The fossil remains which have caused all the consternation.
Jochen Fuss, Nikolai Spassov, David R. Begun, Madelaine Böhme/via Wikimedia Commons
The theory that humankind originated in Europe is an old one. It was abandoned in 1924 when the first Australopithecus was discovered in South Africa.
Upper teeth of a Neanderthal who lived about 40,000 years ago.
Anthropologists gather clues about how our ancient ancestors lived from their teeth. What will future anthropologists make of us based on the fossilized pearly whites we'll leave behind?
A reconstruction of Euchambersia with its venomous and ridged fangs.
SimplexPaléo/Alex Bernardini (alex-bernardini.fr)
CT scanning allows scientists to observe and "dissect" fossils digitally using computer software - and to uncover secrets that are hundreds of millions of years old.
All primates have opposable thumbs – and some flaunt these in the cutest way.
Courtesy of Lory Park Zoo
Much like the hair you carefully rearrange before a selfie, your cheek muscles and the accompanying smile date back about 250 million years.
The first teeth may have evolved from combination of scales and tastebuds.
We know all about World War I's terrible conditions, tactics, tear gas. But what about the teeth?
Toothpaste helps remove plaque to prevent decay and gum disease.
Choosing a toothbrush is relatively simple. But how on earth do you decide between the 50-odd toothpastes on the supermarket shelves?
This skull belongs to the carnivorous gorgonopsian therapsid Smilesaurus ferox which lived 255 million years ago.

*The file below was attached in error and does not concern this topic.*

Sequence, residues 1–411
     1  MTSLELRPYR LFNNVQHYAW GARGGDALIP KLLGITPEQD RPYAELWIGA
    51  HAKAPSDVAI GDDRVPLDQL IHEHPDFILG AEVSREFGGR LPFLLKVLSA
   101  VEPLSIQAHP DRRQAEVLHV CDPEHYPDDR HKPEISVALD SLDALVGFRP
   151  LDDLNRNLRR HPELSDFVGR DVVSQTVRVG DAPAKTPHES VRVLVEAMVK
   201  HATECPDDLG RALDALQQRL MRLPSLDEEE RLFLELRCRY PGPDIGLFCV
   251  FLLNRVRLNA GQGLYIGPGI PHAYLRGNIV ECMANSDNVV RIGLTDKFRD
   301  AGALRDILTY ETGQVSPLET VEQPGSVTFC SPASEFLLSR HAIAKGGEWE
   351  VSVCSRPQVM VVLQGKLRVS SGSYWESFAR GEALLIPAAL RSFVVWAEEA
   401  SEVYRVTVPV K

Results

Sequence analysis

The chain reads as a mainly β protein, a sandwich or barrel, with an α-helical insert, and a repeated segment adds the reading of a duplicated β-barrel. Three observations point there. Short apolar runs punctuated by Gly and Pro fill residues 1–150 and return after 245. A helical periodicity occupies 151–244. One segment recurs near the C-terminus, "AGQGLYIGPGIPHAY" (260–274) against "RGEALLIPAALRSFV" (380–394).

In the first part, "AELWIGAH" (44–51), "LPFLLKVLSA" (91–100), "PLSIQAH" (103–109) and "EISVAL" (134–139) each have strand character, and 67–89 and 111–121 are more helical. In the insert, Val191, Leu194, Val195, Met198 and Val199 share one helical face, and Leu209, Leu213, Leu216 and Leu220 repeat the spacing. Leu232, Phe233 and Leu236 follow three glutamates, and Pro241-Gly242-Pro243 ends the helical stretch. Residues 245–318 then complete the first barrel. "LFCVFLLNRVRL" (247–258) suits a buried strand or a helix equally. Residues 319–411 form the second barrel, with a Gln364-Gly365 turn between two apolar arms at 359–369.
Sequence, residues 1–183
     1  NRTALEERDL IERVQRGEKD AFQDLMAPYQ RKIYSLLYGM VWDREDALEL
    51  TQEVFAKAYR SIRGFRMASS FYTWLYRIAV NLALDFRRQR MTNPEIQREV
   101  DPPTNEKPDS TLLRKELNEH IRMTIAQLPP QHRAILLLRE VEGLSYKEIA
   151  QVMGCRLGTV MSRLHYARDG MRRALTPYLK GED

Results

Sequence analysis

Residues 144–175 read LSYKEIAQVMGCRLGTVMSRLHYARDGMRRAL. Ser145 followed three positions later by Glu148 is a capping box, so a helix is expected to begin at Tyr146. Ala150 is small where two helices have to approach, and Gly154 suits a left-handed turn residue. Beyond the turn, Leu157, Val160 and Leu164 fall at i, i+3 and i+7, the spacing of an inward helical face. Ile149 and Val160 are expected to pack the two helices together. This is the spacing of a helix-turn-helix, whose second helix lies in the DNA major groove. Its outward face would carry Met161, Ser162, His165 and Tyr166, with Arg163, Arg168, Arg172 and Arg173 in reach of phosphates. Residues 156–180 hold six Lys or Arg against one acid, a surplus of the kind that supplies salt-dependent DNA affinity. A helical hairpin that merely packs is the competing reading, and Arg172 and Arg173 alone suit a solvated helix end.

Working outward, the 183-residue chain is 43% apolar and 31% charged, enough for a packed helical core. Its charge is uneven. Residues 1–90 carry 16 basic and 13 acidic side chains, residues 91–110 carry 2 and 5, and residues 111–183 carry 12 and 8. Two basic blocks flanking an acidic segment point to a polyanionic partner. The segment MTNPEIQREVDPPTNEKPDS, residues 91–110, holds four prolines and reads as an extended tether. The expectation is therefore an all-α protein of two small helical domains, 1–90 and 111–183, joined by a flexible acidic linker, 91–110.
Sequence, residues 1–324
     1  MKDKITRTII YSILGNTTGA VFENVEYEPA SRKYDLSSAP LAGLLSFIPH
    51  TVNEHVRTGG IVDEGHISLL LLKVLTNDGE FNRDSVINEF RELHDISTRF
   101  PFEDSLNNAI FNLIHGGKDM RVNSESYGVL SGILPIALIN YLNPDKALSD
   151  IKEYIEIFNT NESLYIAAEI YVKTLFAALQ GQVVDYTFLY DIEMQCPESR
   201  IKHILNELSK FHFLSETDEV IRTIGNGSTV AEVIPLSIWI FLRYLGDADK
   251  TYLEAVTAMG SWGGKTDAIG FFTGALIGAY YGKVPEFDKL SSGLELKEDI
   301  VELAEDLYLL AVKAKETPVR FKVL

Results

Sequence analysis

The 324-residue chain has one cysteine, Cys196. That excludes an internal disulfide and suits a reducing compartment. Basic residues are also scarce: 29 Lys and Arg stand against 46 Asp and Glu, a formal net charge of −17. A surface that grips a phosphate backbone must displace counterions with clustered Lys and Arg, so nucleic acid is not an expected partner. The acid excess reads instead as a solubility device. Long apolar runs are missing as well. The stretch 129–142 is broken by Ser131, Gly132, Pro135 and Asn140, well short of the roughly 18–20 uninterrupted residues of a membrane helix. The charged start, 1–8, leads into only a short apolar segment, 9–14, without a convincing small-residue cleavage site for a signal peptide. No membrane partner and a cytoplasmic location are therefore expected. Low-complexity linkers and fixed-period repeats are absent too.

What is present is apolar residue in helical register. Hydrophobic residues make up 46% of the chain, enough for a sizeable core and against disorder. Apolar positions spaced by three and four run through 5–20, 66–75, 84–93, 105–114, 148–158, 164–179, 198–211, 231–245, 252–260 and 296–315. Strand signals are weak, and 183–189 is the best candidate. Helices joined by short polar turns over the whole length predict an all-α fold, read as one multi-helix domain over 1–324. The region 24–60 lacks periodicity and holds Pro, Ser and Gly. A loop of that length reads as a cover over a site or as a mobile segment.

Cradle of Humankind/Flickr/Wikimedia
Modern sabre-tooth mammals have their canines constantly on display. This allows them to seduce mates. But was sexual selection also an important phenomenon among our pre-mammalian ancestors?
Understanding the genetic origins of sharks' teeth could one day lead to new treatments for humans.
There have been number of short-lived Commonwealth funding programs for dental care in the past.
AAP Image/Mick Tsikas
PolicyCheck unpacks the detail and history of the Coalition's proposed dental health care policy.
The Beckhams are having none of it.
The former footballer hit back at criticism from the Daily Mail after his daughter was photographed using a dummy.
Will understanding more about the nanostructure of teeth mean the dentist’s drill will become endangered?
Toothaches and root canals loom large in the collective memory and the whine of a dentist’s drill conjures unpleasant memories for most. Tooth decay and cavities most commonly affect the enamel that protects…
Good teeth often correlates with good health. But one in five over-65s have lost all their teeth.
An Aussie smile is an instant indicator of socioeconomic status, employability and self-esteem. It’s also a predictor of physical health. So it’s shocking that Australians’ dental health has not improved…
Researchers have found that treating gum disease (periodontal disease) may reduce heart disease, diabetes and other conditions…
Most gum disease is preventable through good dental hygiene.
Inside and Out/Flickr
Bleeding gums are very common but that doesn’t mean you should ignore them. They’re usually a sign of gum (periodontal) disease. If treated in its early stages, periodontal disease can be easily reversed…
Stem cells from teeth have the capacity to develop into complex neurons, and could provide assistance in the treatment of…
Babies’ milk teeth carry their early food history, and this remains stable for tens of thousands of years.
We know at least six months of exclusive breastfeeding is the best start to a baby’s life. What’s amazing is it seems ancient hominids knew that too. In a paper published today in Nature, we analysed the…
Previously if the protective coating on your teeth known as enamel wore away, it was gone forever. Now researchers have developed…
You can save an adult tooth that has been knocked out, but you need to act quickly.
It’s common enough for a tooth to be knocked out on the footy field, in the playground, during a fight, or even a fall. The blood, shock and pain can easily cause you to panic but, as with most things…
Fossilised teeth from a 200-million-year-old fish have been found to be the sharpest ever recorded. The conodont fish appeared…